Rhythmically this section of the Symphony is in constant temporal flux. Many polyrhythms are contained vertically. A steady 5/8 rhythm drives the string ostinato and the melody is in 4/4 with an occasional 3/4 or 5/4 bar. The wind fragments vary from 3/8 6/8 9/8 12/8, and from m.155-170 multiples of 2 and 3 are heard simultaneously. The trombones start in 4/4 with an occasional 3/4 until m.158 when asymmetric eighth patterns emerge (7/8 10/8 6/8 10/8 7/8 7/8 11/8). At m.159 the previous melodic bass line becomes accompaniment in quarter note patterns of 5/4 7/4 and 4/4. The horns now play a melodic fragment in 4/4, which becomes syncopated by m.165. Although these relationships may seem complicated, the lowest common denominator of all these rhythms is the eighth note - there are no triplets, quintuplets, septuplets or any sixteenth notes.

Elaborate sonic structures are achieved in this section via 4/4 melody, one and two-note fragments, effective registral placement, and equivalent unit subdivisions. Each part of this texture is in itself simple, but it is through the combination that an especially complex result is achieved. This section seems to have been a kind of excursion or anomaly for Hindemith. Rarely in his late period compositions do we witness him spreading the chromatic palette into the realm of noise or observe a "gestural" approach to melodic contour (rather than structural pitch oriented). Another plausible interpretation is that these techniques and orchestrations could have been an intentional parody of other contemporary styles. Hindemith was always skilled with such stylistic impressions, exemplified in his early period compositions which effectively touched on jazz, ragtime, and atonal idioms. Whether anomaly or the latter, this work stands out in Hindemith's late period which suggests he could have been laying the foundation of yet another, more experimental, stylistic period in his music. This we cannot confirm.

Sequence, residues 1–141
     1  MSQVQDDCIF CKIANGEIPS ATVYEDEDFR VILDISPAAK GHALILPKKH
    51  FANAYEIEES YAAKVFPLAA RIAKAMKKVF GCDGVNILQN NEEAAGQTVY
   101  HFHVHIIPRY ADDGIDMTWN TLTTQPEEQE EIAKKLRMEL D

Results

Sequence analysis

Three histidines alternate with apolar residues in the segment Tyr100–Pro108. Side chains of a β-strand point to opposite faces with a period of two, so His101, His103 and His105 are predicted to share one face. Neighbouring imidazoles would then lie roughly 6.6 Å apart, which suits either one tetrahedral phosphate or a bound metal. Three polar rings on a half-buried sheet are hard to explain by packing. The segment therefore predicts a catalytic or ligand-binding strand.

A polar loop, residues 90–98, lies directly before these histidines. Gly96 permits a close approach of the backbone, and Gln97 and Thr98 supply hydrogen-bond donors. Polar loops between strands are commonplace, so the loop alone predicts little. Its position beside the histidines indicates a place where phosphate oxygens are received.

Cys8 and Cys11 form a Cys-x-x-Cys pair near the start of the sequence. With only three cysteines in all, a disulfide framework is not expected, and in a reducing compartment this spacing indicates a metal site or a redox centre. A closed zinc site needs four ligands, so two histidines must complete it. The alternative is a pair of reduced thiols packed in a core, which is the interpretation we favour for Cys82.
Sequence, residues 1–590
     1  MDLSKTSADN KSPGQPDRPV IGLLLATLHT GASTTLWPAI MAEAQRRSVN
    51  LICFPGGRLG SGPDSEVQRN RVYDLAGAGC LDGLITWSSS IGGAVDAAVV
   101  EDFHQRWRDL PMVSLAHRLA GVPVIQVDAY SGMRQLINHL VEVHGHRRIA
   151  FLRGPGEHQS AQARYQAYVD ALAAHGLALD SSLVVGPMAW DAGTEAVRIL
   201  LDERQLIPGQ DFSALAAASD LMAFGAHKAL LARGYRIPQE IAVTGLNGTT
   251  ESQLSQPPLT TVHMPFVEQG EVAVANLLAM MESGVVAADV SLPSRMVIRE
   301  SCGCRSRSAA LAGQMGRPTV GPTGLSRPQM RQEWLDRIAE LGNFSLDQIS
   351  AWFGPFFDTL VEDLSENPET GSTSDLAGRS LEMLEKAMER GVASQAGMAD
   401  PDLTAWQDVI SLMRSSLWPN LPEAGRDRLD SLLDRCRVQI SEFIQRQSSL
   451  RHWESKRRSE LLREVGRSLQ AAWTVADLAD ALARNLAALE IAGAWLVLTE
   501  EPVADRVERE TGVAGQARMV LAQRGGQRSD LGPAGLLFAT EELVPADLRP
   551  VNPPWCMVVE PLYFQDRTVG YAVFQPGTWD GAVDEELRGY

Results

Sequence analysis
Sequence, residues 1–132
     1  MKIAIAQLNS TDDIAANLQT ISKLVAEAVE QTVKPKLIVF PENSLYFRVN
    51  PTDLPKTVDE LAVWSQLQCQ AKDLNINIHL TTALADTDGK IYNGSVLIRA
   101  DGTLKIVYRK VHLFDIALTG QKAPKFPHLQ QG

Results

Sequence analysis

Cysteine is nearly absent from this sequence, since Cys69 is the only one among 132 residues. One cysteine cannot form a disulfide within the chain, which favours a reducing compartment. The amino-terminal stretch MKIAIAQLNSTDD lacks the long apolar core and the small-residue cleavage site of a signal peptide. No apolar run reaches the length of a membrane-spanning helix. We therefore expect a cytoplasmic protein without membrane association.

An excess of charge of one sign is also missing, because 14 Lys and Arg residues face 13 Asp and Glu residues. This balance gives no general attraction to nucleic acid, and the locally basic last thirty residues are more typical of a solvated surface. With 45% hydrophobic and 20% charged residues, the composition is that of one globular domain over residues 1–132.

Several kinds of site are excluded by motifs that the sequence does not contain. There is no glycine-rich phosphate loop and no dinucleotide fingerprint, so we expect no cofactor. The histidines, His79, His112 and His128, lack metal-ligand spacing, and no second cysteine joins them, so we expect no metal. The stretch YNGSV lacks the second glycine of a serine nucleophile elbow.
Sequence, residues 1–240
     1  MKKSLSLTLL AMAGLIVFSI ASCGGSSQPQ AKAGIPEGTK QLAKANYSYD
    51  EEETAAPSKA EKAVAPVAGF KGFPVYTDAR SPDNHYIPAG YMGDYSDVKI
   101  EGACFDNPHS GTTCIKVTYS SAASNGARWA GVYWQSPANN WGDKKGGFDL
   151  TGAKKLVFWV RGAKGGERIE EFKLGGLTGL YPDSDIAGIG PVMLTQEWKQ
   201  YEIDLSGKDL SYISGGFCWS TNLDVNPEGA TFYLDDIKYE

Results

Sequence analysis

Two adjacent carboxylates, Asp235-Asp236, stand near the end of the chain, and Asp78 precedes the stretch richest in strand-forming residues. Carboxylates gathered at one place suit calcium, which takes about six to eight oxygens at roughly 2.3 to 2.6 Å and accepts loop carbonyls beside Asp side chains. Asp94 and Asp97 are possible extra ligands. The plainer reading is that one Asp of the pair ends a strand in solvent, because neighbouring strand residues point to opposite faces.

Works Cited

Hindemith, Paul. Samtliche Werke: Orchesterwerke 1958-60, Band II, 7. Mainz: B. Schott's Sohne, 1984.